No. 5 of 31 -- Thermometer series
Grandma is a memory to me now, like the Beatles, my hair, and the city dump. A lot of us are in that situation. You have the dearest people on earth to you, grandmas, who were already old when you were born. Then they're suddenly gone.
That’s what happened, and even though I regret it tremendously, with everything wrong with her I’d never wish her back -- sniffle-sniffle -- never wish her back --- blowing nose -- O hell, Grandma, if you're somewhere near by, the key's still under the pumpkin. But we haven't got the phone anymore -- it's a long story -- just report to a place called "Verizon" and sign up for a new one. If you don't know what Verizon is, ask around...
But when she was alive, wow, she did everything. Things I could never accomplish if I worked all the time. Look at her pulling on the yarn, working on a spool there, picking it up and tying it together, or churning it out, maybe even making it in the first place. We think you just go to the store and get another spool if you need it, which I don't because now I buy my undies ready made, but somehow she had the skills to fidget strands into form from scratch. If she could handle that, Verizon can't be too hard.
What I have for myself now, in addition to the memories, is the knowledge that SHE knew what she was doing. And the same lesson has to apply here: Do I know what I’m doing? Do I know what I have to go through to get places? Yes, sometimes I do know. But sometimes I don’t. My memory, for one thing — please don’t get bummed out by this — is a little shaky. I’m not quite in the total pits yet; the worst thing is figuring out who the ugly guy in the mirror is. But with discipline, mental devices posted here and there, and a notebook for my enemies list, I'm doing all right.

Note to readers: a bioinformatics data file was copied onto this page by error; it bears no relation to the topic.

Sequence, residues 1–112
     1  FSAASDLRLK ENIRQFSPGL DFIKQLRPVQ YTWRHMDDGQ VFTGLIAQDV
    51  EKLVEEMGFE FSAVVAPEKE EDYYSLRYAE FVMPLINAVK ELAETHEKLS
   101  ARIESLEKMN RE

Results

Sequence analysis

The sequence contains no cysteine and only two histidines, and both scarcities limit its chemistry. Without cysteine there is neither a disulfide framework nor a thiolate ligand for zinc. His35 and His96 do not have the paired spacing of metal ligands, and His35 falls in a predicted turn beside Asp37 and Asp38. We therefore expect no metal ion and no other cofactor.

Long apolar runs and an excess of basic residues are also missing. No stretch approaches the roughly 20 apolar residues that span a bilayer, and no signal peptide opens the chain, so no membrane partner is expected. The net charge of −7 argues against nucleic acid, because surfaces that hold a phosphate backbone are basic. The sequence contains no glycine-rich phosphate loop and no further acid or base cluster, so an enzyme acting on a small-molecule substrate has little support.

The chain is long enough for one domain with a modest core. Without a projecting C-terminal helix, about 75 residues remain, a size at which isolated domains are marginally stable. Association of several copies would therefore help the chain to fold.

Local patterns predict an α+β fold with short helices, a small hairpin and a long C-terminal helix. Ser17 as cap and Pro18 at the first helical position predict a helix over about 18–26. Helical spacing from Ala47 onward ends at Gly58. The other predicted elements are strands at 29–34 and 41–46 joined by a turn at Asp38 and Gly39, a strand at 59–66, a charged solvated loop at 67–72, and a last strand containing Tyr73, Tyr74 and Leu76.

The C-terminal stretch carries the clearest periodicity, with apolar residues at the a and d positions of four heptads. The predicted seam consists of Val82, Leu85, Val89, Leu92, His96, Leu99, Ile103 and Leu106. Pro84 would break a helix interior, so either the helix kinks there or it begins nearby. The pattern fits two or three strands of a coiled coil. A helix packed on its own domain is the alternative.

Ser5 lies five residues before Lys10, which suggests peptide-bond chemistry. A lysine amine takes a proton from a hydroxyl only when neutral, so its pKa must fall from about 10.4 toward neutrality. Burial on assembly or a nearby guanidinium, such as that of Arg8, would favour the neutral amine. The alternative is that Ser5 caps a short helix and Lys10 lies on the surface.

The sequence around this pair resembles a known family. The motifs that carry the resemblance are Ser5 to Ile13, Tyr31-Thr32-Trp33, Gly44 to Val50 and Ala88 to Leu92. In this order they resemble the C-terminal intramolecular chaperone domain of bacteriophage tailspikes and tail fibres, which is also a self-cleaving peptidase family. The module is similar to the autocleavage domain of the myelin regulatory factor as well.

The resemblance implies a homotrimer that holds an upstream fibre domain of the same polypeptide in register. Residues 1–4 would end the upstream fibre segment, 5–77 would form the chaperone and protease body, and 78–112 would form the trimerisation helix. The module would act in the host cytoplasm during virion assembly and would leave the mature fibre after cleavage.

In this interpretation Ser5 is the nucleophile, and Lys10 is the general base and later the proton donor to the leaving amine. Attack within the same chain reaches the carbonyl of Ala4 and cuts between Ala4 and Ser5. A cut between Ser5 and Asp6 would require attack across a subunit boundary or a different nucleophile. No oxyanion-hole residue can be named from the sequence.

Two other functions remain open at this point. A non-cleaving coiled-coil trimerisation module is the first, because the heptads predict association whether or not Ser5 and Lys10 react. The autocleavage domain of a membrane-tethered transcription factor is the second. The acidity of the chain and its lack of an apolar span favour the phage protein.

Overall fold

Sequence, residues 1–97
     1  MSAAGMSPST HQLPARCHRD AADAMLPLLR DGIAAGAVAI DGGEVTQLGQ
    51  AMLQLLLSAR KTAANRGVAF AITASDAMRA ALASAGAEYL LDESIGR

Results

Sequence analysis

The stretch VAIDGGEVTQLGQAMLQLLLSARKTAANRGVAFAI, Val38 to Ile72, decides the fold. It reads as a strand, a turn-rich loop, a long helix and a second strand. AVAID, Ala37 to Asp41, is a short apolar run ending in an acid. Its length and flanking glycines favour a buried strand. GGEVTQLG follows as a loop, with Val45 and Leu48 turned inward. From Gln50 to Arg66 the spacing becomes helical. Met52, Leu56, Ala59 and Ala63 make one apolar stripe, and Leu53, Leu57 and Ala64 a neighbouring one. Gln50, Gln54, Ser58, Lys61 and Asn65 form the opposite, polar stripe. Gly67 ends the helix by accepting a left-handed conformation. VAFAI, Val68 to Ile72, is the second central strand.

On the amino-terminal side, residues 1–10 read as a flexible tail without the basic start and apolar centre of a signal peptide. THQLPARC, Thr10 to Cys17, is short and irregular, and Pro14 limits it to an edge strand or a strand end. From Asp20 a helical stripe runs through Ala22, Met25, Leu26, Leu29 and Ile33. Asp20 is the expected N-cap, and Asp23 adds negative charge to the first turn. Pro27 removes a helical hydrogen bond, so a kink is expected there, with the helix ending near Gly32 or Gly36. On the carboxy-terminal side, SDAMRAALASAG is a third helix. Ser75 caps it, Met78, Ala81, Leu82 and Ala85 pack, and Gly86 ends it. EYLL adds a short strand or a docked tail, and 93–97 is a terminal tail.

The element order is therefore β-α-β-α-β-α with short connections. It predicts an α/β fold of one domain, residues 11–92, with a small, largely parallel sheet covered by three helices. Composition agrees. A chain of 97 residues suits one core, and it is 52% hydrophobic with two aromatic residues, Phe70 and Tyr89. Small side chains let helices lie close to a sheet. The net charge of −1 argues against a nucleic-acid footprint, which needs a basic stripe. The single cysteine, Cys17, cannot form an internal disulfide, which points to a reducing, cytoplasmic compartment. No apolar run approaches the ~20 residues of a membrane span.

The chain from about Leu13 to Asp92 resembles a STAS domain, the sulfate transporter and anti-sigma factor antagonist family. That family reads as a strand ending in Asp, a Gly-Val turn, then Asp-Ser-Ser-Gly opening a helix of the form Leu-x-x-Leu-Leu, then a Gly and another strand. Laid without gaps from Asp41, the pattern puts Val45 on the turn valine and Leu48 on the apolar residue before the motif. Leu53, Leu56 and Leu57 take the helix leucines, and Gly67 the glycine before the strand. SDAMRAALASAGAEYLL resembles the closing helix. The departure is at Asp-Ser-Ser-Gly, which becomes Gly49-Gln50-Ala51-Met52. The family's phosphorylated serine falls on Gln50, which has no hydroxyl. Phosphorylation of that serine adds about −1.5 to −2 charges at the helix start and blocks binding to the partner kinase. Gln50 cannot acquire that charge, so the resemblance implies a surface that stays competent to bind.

Today I'm clear as a gun shot, what I’m engaged in, this filling of thermometers, each thermometer indicating the popularity of my precious blog. I started out a long time ago, just a guy and a keyboard, then I saved up and got a computer. And slowly, more or less daily, I filled in the blanks and those were my posts. Then I needed friends to read them and give me constructive criticism: "Go to hell, loser." So now I'm filling in thermometers, a whole box full, trying to get better friends.
You go back to your sewing, dearest Grandma! Knit that thread, tote that bail, piece that thing together -- work it, work it! -- making Grandpa a new sweater, or a pair of undies too, whatever he needs. And call me if you ever figure out the phone thing.